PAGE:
thuringiensis (Chen et al. 2004), wheat flour and yeast

    flour, whereas bactotyptone and casein were used with

    Bacillus cereus (Zhang et al. 2007).

    Figure 1b depicts the interaction of pH and L-tyrosine

    where the shape of the response surface curve indicates that

    melanin yield was mainly affected by interaction between

    these two factors. The slight alteration in concentration of

    these components leads to higher difference in the levels of

    produced melanin. Melanin production increased with

    acidic pH and higher L-tyrosine concentrations. The inter-

    action between pH and L-tyrosine was found to be highly

    significant because L-tyrosine is the substrate for melanin

    production and its solubility decreases at neutral and

    alkaline conditions, while L-tyrosine is soluble at acidic

    conditions (Surwase and Jadhav 2011; Lagunas-Muñoz

    et al. 2006). The response surface curve for the interaction

    of pH and CuSO4 is represented in Fig. 1c. The shape of

    response surface curve shows a less significant interaction

    between these two variables. The melanin yield was found

    to be increased with higher concentrations of CuSO4 with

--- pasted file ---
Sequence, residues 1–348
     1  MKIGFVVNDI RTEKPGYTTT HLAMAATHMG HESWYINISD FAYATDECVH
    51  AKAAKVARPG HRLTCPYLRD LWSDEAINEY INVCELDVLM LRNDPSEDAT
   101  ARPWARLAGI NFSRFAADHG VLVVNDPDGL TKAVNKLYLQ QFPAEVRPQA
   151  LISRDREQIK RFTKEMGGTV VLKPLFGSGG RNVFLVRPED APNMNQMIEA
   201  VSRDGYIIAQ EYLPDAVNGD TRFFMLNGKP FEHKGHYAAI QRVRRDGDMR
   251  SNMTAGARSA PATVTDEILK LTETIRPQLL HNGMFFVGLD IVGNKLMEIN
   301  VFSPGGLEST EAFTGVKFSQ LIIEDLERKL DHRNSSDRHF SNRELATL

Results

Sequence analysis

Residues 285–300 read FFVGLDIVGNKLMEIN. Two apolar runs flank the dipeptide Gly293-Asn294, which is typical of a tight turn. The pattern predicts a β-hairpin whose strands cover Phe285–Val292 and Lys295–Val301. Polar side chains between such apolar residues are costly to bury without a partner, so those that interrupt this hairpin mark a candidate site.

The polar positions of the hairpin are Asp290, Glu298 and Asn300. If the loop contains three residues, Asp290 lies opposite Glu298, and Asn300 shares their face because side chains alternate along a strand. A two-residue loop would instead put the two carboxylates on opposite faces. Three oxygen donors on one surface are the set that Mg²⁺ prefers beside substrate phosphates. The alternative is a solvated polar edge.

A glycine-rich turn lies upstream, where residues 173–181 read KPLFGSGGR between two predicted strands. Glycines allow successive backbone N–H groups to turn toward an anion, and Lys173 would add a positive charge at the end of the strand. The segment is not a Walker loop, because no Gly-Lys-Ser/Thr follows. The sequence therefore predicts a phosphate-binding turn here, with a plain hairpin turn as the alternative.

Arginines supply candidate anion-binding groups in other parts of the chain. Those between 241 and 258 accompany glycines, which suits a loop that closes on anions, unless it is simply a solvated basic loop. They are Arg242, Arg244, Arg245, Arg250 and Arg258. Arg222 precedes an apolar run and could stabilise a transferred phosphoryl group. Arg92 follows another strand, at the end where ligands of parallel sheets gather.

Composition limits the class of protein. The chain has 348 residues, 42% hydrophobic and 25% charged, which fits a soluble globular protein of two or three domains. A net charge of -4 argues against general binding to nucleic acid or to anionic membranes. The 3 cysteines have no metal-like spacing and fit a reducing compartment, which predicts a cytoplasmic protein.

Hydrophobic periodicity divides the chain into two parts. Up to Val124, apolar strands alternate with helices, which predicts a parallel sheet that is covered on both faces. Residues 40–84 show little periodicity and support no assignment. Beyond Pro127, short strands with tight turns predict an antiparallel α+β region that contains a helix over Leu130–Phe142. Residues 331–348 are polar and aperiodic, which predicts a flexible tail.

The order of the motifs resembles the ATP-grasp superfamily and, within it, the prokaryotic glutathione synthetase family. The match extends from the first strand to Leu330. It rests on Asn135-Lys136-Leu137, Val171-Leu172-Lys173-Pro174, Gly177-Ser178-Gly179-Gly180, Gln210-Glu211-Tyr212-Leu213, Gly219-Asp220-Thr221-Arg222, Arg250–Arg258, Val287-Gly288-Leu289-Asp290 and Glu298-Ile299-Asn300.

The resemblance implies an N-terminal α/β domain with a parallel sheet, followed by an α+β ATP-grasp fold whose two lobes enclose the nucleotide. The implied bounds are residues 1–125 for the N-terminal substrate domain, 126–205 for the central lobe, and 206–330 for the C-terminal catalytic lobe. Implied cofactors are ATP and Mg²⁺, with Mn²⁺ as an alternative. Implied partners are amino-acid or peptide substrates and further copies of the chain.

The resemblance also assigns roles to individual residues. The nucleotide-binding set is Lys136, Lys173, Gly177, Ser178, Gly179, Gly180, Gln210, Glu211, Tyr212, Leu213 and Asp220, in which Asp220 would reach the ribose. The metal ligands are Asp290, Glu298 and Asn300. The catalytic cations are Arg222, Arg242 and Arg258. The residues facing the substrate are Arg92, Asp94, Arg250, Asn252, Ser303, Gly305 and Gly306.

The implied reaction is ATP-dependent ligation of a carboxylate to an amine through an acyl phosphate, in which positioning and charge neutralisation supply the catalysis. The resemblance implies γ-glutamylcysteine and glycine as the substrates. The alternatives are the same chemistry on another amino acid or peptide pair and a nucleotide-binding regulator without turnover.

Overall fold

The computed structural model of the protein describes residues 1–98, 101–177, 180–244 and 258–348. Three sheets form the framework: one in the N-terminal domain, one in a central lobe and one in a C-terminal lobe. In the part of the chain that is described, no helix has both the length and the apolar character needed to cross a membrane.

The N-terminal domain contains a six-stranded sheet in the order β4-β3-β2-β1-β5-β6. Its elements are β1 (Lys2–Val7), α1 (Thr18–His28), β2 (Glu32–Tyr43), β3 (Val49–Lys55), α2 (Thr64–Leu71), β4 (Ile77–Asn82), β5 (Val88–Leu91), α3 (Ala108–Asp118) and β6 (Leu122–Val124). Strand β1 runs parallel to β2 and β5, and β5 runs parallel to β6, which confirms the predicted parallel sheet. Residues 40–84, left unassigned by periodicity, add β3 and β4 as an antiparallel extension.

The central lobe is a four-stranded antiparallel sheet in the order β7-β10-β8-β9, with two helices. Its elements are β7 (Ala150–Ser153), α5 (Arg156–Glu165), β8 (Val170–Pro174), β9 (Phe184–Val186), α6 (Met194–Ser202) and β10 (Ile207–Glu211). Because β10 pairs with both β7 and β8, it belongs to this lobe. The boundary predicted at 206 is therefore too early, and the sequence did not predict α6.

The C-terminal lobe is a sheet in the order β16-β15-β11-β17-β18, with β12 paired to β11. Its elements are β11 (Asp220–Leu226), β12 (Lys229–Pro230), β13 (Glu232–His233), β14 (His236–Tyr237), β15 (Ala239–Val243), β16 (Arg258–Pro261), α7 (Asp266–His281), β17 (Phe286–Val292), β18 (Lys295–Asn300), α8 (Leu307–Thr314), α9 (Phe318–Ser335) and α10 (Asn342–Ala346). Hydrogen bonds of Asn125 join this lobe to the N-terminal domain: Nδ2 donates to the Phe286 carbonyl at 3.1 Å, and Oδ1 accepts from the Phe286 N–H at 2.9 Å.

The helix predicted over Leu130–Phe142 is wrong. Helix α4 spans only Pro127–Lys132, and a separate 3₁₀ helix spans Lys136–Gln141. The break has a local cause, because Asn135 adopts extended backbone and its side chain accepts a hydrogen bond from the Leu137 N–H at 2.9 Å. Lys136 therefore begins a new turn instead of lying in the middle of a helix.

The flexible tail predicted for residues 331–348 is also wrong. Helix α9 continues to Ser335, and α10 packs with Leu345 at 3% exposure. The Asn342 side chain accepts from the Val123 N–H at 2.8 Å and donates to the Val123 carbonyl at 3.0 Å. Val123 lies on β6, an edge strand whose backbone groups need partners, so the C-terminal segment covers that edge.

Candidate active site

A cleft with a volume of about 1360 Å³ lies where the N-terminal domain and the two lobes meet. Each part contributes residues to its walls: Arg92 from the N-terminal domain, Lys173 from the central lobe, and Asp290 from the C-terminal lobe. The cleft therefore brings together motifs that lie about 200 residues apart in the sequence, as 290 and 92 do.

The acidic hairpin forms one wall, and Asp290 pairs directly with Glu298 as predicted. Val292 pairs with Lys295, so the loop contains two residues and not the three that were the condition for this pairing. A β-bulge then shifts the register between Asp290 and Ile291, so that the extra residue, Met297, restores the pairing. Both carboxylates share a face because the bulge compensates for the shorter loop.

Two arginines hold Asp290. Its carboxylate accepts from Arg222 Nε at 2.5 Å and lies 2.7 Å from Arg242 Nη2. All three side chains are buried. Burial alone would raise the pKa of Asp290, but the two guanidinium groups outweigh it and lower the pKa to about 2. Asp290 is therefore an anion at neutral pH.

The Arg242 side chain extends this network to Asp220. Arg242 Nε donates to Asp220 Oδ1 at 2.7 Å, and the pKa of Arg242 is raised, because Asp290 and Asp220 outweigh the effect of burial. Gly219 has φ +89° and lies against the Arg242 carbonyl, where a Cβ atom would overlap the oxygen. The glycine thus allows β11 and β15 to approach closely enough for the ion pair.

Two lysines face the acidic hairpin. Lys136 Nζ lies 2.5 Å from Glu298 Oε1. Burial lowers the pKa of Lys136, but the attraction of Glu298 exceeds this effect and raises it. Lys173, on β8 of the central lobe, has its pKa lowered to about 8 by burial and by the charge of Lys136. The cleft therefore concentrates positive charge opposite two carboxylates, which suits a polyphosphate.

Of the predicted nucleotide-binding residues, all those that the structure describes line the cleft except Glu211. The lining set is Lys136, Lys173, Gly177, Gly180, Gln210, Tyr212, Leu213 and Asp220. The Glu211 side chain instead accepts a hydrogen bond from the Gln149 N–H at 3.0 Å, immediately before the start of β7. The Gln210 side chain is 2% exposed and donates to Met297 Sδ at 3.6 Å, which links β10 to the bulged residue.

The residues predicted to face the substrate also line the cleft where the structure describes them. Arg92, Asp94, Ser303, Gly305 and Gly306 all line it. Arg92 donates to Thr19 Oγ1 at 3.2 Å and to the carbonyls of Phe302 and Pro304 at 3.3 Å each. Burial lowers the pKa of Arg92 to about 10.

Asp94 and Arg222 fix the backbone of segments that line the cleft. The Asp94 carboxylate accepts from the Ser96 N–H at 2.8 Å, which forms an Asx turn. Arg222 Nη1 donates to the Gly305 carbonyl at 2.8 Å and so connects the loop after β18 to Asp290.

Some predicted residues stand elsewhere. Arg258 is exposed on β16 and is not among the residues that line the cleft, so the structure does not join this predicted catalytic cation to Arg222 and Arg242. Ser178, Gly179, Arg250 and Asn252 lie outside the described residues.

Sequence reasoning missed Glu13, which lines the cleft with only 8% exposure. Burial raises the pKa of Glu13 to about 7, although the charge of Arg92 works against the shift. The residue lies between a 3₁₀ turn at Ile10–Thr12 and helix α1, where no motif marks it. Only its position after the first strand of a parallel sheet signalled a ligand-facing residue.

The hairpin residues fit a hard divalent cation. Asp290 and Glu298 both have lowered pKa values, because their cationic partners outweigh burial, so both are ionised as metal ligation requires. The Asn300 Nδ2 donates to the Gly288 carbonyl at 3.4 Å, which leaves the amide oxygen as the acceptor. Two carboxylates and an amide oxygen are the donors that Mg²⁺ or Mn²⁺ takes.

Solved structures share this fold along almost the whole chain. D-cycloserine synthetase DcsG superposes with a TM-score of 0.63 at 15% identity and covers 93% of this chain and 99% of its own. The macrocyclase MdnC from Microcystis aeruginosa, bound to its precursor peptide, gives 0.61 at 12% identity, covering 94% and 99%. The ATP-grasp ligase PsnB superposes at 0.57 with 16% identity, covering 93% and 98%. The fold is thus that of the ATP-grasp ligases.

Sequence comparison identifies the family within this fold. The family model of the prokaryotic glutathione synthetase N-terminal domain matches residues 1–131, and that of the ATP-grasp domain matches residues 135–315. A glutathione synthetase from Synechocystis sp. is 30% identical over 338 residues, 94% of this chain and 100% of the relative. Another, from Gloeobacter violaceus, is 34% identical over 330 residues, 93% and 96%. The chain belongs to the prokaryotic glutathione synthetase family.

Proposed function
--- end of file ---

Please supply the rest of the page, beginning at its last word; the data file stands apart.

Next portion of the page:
slightly acidic pH. The results showed that melanin pro-

    duction was most affected by CuSO4 levels than pH. The

    pH and CuSO4 interaction showed that melanin production

    190 3 Biotech (2013) 3:187–194

    123

  • was more affected by CuSO4 because tyrosinase is a cop-

    per-containing enzyme (Claus and Decker 2006). Hence,

    the presence of CuSO4 in the medium increased the pro-

    duction of melanin by enhancing the enzymatic activity

    whereas higher concentration of CuSO4 might be toxic to

    the cells, which ultimately leads to decreased melanin

    yield.

    The response surface curve of tryptone and L-tyrosine

    indicates that melanin yield was affected by the lower and

    higher levels of L-tyrosine while melanin production was

    less affected by tryptone levels (Fig. 1d). Thus 3D response

    curve as well as statistical analysis indicates the

    insignificant interaction between tryptone and L-tyrosine.

    Whereas less significant interaction was observed between

    tryptone and CuSO4 (Fig. 1d and e). The L-tyrosine and

    CuSO4 interaction (Fig. 1f) resulted in positive effect on

    melanin yield because L-tyrosine acts as substrate while